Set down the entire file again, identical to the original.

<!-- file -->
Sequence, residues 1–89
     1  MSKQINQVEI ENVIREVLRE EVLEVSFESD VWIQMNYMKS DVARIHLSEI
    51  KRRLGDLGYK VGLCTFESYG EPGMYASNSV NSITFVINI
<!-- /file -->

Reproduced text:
Sequence, residues 1–89
     1  MSKQINQVEI ENVIREVLRE EVLEVSFESD VWIQMNYMKS DVARIHLSEI
    51  KRRLGDLGYK VGLCTFESYG EPGMYASNSV NSITFVINI